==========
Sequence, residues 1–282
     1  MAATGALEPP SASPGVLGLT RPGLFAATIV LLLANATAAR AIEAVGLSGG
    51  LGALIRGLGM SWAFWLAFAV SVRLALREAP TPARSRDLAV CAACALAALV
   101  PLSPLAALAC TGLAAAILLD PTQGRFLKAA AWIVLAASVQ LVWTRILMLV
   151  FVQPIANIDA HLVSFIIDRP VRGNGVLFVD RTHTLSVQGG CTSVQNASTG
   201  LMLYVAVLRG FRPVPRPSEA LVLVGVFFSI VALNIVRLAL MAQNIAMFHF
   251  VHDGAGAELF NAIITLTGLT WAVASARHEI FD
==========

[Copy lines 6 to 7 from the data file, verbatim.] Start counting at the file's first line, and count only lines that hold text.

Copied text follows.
   201  LMLYVAVLRG FRPVPRPSEA LVLVGVFFSI VALNIVRLAL MAQNIAMFHF
   251  VHDGAGAELF NAIITLTGLT WAVASARHEI FD